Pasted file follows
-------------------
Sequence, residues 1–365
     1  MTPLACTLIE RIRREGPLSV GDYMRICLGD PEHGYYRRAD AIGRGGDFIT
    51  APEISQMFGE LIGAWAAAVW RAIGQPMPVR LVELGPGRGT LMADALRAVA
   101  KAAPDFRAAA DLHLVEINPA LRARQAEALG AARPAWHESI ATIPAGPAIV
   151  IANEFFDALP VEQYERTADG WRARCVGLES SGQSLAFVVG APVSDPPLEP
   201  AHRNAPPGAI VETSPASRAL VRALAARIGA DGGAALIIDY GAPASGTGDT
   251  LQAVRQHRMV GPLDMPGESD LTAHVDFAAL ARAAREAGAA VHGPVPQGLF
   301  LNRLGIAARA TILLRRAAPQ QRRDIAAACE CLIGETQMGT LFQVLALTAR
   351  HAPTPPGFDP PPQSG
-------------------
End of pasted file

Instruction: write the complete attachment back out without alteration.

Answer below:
Sequence, residues 1–365
     1  MTPLACTLIE RIRREGPLSV GDYMRICLGD PEHGYYRRAD AIGRGGDFIT
    51  APEISQMFGE LIGAWAAAVW RAIGQPMPVR LVELGPGRGT LMADALRAVA
   101  KAAPDFRAAA DLHLVEINPA LRARQAEALG AARPAWHESI ATIPAGPAIV
   151  IANEFFDALP VEQYERTADG WRARCVGLES SGQSLAFVVG APVSDPPLEP
   201  AHRNAPPGAI VETSPASRAL VRALAARIGA DGGAALIIDY GAPASGTGDT
   251  LQAVRQHRMV GPLDMPGESD LTAHVDFAAL ARAAREAGAA VHGPVPQGLF
   301  LNRLGIAARA TILLRRAAPQ QRRDIAAACE CLIGETQMGT LFQVLALTAR
   351  HAPTPPGFDP PPQSG